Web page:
I'm a provider
You will be redirected to myBlue. Would you like to continue?
Please wait while you are redirected.
Please enter a username and password.
DESCRIPTIONCryosurgical ablation involves the freezing of target tissues, most often by inserting into the tumor a probe through which coolant is circulated. Cryosurgical ablation is typically performed as an open surgical technique but may be performed percutaneously or laparoscopically, typically with ultrasound guidance.
Hepatic tumors can arise either as primary liver cancer or by metastasis to the liver from other tissues. Local therapy for hepatic metastasis is indicated only when there is no extrahepatic disease, which rarely occurs for patients with primary cancers other than colorectal carcinoma or certain neuroendocrine malignancies. At present, surgical resection with tumor-free margins or liver transplantation represents the only treatments with curative potential. For liver metastases from colorectal cancer, post-surgical adjuvant chemotherapy has been reported to decrease recurrence rates and prolong time to recurrence. However, most hepatic tumors are unresectable at diagnosis, due either to their anatomic location, size, number of lesions, or underlyning liver reserve. Combined systemic and hepatic arterial chemotherapy may increase disease-free intervals for patients with hepatic metastases from colorectal cancer, but apparently is not beneficial for those with unresectable hepatocellular carcinoma.
Various locoregional therapies for unresectable liver tumors are being studied: cryosurgical ablation (cryosurgery), radiofrequency ablation, laser ablation (see the Radiofrequency Ablation (RFA) of Primary or Metastatic Liver Tumors medical policy), trans-hepatic artery embolization / chemoembolization, microwave coagulation, and percutaneous ethanol injection. Ablation occurs in tissue that has been frozen by at least three mechanisms: (1) formation of ice crystals within cells, thereby disrupting membranes and interrupting cellular metabolism among other processes; (2) coagulation of blood, thereby interrupting blood flow to the tissue, in turn causing ischemia and cell death; and (3) induction of apoptosis (cell death).
Recent studies report experience with cryosurgical and other ablative methods used in combination with subtotal resection and/or procedures such as TACE (transarterial chemoembolization).
POLICYCryosurgical ablation (cryosurgery) is considered investigational for the treatment of primary or metastatic liver tumors.
POLICY EXCEPTIONSFederal Employee Program (FEP) may dictate that all FDA-approved devices, drugs or biologics may not be considered investigational and thus these devices may be assessed only on the basis of their medical necessity.
Investigative service is defined as the use of any treatment procedure, facility, equipment, drug, device, or supply not yet recognized by certifying boards and/or approving or licensing agencies or published peer review criteria as standard, effective medical practice for the treatment of the condition being treated and as such therefore is not considered medically necessary.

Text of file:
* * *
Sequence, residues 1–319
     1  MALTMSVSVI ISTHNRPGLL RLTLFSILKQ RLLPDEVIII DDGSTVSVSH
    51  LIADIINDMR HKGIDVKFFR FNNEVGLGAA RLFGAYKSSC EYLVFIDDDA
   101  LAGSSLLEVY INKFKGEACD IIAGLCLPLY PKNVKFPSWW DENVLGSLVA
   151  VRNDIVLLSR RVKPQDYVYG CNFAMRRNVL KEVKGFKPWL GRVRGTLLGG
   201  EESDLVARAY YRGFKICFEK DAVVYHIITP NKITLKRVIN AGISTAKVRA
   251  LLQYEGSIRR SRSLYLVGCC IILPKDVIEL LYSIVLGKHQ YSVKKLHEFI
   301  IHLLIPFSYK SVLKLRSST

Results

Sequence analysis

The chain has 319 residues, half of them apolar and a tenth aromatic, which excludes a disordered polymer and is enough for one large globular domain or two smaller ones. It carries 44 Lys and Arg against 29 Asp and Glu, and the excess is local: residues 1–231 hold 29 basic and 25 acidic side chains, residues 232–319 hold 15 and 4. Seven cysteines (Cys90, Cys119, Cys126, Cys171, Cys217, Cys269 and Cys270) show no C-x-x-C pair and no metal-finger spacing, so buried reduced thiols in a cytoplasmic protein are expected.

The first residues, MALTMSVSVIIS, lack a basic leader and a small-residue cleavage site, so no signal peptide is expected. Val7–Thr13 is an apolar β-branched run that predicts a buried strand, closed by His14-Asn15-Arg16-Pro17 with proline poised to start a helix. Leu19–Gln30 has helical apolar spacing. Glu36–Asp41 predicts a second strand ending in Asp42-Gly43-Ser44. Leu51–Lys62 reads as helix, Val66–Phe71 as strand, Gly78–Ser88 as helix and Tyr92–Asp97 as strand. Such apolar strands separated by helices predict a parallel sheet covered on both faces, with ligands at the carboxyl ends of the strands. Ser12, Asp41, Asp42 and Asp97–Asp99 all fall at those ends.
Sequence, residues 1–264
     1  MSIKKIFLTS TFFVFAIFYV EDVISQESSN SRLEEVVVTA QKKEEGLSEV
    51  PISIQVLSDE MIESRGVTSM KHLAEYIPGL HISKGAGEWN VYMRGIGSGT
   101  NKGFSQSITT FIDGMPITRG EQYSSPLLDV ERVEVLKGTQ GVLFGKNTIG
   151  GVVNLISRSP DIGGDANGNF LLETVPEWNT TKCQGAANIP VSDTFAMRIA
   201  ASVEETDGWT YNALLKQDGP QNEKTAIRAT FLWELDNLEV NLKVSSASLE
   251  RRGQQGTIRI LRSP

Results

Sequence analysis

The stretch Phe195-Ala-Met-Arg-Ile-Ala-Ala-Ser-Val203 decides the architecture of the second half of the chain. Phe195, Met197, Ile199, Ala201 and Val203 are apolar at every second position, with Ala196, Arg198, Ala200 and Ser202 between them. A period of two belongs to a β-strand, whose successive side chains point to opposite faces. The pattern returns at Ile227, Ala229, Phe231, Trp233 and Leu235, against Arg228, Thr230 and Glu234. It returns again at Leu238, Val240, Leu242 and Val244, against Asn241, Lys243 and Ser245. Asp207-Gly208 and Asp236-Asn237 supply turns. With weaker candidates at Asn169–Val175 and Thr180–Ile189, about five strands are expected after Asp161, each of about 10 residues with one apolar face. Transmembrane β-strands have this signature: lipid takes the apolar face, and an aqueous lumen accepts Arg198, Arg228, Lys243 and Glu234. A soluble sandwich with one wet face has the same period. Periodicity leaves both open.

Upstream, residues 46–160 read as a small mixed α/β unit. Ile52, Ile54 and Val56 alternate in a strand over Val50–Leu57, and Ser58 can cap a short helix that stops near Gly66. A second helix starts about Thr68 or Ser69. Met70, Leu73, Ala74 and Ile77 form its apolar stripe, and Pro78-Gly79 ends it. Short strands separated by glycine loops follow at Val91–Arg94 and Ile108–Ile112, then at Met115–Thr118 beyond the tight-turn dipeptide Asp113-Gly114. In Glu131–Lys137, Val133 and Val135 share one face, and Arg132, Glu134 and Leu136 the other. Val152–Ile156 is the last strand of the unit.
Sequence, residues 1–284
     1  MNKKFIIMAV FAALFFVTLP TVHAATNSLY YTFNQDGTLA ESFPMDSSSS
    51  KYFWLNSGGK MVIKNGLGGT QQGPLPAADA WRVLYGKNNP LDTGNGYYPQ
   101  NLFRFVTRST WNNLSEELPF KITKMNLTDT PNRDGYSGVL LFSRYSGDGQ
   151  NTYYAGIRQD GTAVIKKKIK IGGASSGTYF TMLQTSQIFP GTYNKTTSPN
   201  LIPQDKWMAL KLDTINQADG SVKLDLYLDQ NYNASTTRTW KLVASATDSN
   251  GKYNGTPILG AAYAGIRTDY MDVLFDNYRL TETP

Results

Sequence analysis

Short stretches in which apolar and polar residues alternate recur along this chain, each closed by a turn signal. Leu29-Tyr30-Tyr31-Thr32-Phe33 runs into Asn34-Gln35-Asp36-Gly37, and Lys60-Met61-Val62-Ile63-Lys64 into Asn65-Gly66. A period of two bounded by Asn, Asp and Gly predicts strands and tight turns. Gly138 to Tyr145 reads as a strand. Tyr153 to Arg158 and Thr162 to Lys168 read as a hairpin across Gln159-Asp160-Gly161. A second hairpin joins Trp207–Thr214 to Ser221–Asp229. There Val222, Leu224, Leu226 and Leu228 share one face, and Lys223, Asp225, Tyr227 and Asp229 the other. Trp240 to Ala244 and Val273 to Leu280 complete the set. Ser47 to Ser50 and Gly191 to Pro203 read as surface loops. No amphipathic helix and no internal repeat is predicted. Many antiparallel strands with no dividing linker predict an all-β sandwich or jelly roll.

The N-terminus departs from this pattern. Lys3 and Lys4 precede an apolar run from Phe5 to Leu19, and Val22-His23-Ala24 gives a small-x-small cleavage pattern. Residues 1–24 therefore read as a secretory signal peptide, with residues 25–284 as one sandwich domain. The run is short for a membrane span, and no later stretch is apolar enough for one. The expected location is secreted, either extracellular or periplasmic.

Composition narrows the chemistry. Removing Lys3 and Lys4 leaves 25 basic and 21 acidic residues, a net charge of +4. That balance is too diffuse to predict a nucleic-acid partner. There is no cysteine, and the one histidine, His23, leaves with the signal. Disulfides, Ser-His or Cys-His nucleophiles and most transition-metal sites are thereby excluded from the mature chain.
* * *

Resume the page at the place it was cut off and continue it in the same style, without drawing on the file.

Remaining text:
The coverage guidelines outlined in the Medical Policy Manual should not be used in lieu of the Member's specific benefit plan language.
POLICY HISTORY11/2000: Approved by Medical Policy Advisory Committee (MPAC)
7/11/2001: Code Reference section updated
2/14/2002: Investigational definition added
3/13/2002: New 2002 codes added
4/18/2002: Type of Service and Place of Service deleted
9/17/2003: Policy reviewed, no changes, Sources updated
10/27/2004: Code Reference section updated, CPT code 47399 deleted, ICD-9 procedure code 50.99 deleted, ICD-9 procedure code 50.29 added, ICD-9 diagnosis code 155.0, 155.2, 197.7, 230.8 deleted
3/13/2006: Policy reviewed, no changes
9/13/2006: Coding updated. ICD9 2006 revisions added to policy.
8/22/2008: Policy description re-written. Policy statement unchanged
9/30/2009: Code reference section updated. New ICD-9 procedure code 17.63 added to non-covered table.
04/26/2010: Policy title changed from "Cryosurgery for Liver Tumors" to "Cryosurgical Ablation (Cryosurgery) of Primary or Metastatic Liver Tumors" to reflect the scope of the policy. Policy description updated regarding treatment approaches. Added "cryosurgical ablation" to the policy statement; intent unchanged. FEP verbiage added to the Policy Exceptions section. Deleted outdated references from the sources section.
04/20/2011: Policy reviewed; no changes.
01/18/2012: Policy reviewed; no changes.
04/02/2013: Policy reviewed; no changes.
03/07/2014: Policy reviewed; no changes.
01/23/2015: Policy reviewed; no changes.
07/27/2015: Code Reference section updated to add CPT code 47383.
08/21/2015: Code Reference section updated for ICD-10.
SOURCE(S)Blue Cross Blue Shield Association policy # 7.01.75
CODE REFERENCEThis may not be a comprehensive list of procedure codes applicable to this policy.